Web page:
Now you could be forgiven for thinking that the ‘R’ in the K9 Trail Time A-Z of Canicross would be for ‘run’ and although running is an important part of canicross, for this blog I wanted to focus on ‘rest’. Resting both yourself and your dog regularly is vital to allow your muscles to recover from activity and although you might have a dog with seemingly boundless energy, constantly running your dog in harness will cause fatigue in the same way daily exercise has a tiring effect on your own body. Without rest both of you are more prone to injury and illness and also your canicross runs could become monotonous for your dog, unless you are constantly changing the routes you take. Your dog might always be keen to go out with you, but you need to be the one to enforce a ‘down day’ from time to time and enjoy some other less physical activity to keep him or her occupied. The other thing to be gained from regular rest days is that your dog will learn to be calm without being run every day and that can be invaluable if for any reason you have to have a short break from training. So although canicross is all about running with your four legged friend, we think it’s well worth factoring in a few rest days in your programme and for that reason we have chosen rest as our ‘R’ in the K9 Trail Time A-Z of Canicross.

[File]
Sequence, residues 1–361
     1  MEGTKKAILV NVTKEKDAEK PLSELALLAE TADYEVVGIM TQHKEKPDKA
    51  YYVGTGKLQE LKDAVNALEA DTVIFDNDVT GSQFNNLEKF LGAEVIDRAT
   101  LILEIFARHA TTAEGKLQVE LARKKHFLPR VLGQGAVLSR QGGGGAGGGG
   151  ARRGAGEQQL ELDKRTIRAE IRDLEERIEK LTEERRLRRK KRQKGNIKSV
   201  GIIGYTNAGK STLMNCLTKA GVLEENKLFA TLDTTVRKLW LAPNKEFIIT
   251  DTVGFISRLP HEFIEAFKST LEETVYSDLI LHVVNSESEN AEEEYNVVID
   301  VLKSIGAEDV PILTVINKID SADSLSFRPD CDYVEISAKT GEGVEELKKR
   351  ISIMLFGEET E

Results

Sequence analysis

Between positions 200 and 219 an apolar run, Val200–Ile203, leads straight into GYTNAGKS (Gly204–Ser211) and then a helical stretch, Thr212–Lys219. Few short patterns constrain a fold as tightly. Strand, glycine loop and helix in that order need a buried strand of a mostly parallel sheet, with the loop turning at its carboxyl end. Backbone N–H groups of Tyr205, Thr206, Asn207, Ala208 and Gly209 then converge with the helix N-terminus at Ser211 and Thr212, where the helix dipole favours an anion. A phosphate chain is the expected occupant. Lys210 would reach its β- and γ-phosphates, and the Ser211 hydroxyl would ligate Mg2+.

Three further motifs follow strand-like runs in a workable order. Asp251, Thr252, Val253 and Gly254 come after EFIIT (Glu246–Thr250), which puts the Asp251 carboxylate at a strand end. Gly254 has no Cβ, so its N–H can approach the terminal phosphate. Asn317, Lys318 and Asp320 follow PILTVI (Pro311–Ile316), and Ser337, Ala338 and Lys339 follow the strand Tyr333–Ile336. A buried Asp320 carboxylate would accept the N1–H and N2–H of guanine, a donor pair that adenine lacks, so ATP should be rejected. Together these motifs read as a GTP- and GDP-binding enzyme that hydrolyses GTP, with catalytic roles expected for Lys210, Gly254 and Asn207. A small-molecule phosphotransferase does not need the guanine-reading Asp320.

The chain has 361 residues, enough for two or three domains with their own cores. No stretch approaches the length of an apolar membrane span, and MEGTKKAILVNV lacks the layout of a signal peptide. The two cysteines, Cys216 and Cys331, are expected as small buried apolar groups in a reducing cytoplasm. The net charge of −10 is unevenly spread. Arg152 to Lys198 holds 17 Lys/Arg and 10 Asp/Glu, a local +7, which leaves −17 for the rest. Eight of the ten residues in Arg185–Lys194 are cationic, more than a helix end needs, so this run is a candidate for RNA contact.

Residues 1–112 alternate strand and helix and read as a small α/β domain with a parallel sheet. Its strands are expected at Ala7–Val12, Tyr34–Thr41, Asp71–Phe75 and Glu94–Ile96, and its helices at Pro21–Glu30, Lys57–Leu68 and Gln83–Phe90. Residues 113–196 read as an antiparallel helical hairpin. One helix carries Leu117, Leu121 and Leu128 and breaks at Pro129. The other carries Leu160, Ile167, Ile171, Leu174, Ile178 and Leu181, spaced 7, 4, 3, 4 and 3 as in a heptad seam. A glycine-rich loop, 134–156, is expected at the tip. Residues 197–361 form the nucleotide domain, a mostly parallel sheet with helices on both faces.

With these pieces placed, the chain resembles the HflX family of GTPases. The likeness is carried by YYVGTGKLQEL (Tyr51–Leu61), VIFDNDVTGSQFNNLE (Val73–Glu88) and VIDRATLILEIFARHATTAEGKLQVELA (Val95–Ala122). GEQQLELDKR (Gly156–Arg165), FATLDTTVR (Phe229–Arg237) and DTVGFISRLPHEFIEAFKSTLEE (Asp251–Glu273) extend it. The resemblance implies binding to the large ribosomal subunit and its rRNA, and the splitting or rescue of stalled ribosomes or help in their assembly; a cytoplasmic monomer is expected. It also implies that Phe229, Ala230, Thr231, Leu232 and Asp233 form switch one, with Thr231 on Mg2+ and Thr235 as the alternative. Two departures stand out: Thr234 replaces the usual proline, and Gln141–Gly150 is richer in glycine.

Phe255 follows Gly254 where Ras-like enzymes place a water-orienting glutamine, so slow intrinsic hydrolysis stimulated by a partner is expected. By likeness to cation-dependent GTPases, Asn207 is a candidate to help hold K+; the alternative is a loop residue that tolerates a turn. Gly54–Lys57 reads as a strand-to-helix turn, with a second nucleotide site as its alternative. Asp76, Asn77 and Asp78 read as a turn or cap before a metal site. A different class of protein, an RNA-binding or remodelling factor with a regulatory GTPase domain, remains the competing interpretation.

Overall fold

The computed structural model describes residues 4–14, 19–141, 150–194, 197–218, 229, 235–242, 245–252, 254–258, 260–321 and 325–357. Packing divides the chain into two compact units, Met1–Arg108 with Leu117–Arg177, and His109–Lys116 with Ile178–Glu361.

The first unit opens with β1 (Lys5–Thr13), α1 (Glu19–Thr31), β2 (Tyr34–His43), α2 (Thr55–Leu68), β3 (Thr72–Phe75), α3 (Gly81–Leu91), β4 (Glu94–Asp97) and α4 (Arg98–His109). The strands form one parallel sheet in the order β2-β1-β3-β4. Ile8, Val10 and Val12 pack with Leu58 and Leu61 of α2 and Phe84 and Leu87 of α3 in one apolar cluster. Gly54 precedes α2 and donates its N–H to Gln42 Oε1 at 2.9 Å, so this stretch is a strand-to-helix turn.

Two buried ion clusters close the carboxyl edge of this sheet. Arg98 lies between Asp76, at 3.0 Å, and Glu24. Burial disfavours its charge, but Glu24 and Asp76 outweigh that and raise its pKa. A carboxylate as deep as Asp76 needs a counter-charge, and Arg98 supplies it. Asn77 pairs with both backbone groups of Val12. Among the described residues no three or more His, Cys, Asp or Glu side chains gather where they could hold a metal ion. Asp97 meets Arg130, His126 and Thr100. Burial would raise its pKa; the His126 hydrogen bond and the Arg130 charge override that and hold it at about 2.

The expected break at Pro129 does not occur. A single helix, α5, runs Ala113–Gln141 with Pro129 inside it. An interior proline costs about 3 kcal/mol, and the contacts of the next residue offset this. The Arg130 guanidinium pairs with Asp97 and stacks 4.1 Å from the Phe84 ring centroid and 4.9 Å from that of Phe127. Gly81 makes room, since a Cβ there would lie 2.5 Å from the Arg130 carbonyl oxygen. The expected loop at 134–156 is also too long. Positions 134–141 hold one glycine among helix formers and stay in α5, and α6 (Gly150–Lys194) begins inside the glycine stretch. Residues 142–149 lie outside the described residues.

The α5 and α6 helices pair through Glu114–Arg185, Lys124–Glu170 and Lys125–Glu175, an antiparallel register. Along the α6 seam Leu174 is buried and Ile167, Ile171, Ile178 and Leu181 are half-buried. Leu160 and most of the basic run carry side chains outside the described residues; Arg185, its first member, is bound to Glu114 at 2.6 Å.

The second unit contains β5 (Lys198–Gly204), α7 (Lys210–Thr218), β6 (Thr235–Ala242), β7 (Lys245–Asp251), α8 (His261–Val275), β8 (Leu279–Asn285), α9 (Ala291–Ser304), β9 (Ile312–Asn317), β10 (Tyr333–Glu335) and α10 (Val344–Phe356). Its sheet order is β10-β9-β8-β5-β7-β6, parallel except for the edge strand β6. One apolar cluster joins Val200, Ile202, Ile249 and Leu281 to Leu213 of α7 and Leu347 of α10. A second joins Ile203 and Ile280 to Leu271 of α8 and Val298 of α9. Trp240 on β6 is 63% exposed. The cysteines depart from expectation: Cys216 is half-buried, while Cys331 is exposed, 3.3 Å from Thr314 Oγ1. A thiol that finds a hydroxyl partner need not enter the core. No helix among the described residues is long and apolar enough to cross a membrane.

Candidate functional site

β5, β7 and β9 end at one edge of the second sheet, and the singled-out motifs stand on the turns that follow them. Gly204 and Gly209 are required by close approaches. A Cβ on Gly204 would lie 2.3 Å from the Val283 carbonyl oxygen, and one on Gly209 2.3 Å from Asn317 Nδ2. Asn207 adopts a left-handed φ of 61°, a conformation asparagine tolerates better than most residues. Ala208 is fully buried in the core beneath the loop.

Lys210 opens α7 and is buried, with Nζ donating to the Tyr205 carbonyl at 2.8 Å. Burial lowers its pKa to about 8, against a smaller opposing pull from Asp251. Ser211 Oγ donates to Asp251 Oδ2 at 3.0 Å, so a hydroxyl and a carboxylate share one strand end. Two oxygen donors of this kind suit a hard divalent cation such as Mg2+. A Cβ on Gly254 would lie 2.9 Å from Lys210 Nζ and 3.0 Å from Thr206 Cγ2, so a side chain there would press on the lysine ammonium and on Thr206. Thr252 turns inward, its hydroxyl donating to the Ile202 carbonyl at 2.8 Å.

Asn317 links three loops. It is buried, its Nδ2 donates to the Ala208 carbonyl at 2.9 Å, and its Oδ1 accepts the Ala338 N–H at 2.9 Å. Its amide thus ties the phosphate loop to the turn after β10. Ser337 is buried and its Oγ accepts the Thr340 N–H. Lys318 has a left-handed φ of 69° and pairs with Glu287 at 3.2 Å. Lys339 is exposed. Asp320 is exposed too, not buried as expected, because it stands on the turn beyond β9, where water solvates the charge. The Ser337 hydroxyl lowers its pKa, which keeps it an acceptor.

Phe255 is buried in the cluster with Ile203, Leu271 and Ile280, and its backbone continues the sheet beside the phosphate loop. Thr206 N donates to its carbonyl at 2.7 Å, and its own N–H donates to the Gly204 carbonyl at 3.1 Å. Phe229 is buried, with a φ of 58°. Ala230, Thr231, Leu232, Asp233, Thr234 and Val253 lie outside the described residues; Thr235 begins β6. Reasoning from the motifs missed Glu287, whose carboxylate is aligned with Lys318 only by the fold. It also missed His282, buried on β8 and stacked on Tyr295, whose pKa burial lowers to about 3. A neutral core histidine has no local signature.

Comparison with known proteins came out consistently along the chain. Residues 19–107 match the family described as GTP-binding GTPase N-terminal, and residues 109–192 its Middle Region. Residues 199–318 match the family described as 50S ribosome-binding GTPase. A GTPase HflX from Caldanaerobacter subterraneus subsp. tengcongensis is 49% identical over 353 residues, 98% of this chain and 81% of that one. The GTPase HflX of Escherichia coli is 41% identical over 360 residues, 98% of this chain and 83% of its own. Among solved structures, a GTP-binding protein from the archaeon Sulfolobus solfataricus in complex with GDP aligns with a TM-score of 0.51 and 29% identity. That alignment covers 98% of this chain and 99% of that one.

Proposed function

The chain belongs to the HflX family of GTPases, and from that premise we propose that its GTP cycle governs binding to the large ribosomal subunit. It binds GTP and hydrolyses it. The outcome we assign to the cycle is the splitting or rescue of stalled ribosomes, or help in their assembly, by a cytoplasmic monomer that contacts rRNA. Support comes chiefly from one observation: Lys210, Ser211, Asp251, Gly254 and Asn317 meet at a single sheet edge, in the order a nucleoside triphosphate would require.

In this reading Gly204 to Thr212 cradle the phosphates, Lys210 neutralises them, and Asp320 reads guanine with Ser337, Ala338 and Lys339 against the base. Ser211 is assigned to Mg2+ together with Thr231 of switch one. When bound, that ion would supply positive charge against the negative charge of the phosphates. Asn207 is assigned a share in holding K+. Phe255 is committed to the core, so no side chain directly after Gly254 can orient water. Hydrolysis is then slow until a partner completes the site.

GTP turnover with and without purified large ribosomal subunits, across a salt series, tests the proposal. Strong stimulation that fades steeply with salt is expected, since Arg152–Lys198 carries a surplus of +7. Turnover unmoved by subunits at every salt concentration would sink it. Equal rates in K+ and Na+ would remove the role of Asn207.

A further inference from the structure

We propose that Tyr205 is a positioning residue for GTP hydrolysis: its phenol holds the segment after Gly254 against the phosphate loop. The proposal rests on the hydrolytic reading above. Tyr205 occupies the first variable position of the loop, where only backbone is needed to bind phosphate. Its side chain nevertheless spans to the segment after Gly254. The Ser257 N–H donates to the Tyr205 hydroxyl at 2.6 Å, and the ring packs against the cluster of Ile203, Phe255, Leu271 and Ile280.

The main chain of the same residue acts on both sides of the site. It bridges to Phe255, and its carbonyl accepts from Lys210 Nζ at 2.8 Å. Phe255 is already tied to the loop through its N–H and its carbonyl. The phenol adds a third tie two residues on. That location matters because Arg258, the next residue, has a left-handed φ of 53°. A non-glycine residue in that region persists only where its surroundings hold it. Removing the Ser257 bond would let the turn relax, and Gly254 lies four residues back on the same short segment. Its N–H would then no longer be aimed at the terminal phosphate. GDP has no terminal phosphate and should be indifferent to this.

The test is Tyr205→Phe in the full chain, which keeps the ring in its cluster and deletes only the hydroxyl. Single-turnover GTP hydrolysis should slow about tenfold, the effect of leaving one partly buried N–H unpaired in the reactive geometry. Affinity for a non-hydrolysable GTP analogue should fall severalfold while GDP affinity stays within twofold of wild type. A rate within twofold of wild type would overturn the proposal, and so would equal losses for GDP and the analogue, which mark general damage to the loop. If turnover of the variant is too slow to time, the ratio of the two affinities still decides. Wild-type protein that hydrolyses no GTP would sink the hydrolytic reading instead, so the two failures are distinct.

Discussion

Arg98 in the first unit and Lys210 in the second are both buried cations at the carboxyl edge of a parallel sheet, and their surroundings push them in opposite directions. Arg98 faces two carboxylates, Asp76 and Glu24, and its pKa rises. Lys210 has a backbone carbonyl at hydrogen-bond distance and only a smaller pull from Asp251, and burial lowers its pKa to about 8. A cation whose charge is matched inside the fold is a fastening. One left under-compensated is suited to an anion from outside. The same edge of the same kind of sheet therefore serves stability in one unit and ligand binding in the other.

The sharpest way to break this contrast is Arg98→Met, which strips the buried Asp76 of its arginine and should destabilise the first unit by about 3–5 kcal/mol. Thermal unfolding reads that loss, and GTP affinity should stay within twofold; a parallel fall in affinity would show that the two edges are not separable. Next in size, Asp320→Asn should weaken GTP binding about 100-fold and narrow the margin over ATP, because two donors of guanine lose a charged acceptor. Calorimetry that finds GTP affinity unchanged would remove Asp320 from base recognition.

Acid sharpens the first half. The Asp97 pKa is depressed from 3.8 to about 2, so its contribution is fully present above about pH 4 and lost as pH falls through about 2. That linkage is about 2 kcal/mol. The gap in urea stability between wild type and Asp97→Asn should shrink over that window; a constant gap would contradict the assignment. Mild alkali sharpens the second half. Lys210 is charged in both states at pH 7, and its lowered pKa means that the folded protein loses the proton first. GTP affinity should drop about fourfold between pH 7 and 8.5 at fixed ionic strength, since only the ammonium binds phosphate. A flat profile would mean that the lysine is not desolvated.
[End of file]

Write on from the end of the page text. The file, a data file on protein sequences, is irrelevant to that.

One of the most common things that people say to me about why they haven’t gone to a canicross race is that they don’t feel they are quick enough to enter, so I wanted to make the ‘Q’ in our A-Z of Canicross represent the word quick and explain why you don’t have to be! Canicross is growing so quickly in the UK because it provides an outlet for many dogs and their owners to engage in an outdoor activity which is good for both. Canicross racing for most people is just a way to challenge themselves to get better and give themselves a goal to aim for. I have been competing now for eight years and have never been quick but I have enjoyed running at many different venues and met so many like minded people by attending the events. If you are very competitive and want to improve, racing is a great way to improve your times but being a fast runner is not a pre-requisite for entering and I would always encourage anyone to have a go regardless of your speed. Of course you don’t have to race at all, there are now so many fantastic canicross groups who arrange regular fun runs that you can enjoy the social aspect of canicross with your dog without ever making it to a race. The canicross groups will always cater for every level too and even the slowest of runners will not get left behind. It is for that reason I’ve chosen the word ‘quick’ for my Q in the K9 Trail Time A-Z of Canicross, as in, you don’t have be quick to enjoy this fantastic sport with your dog.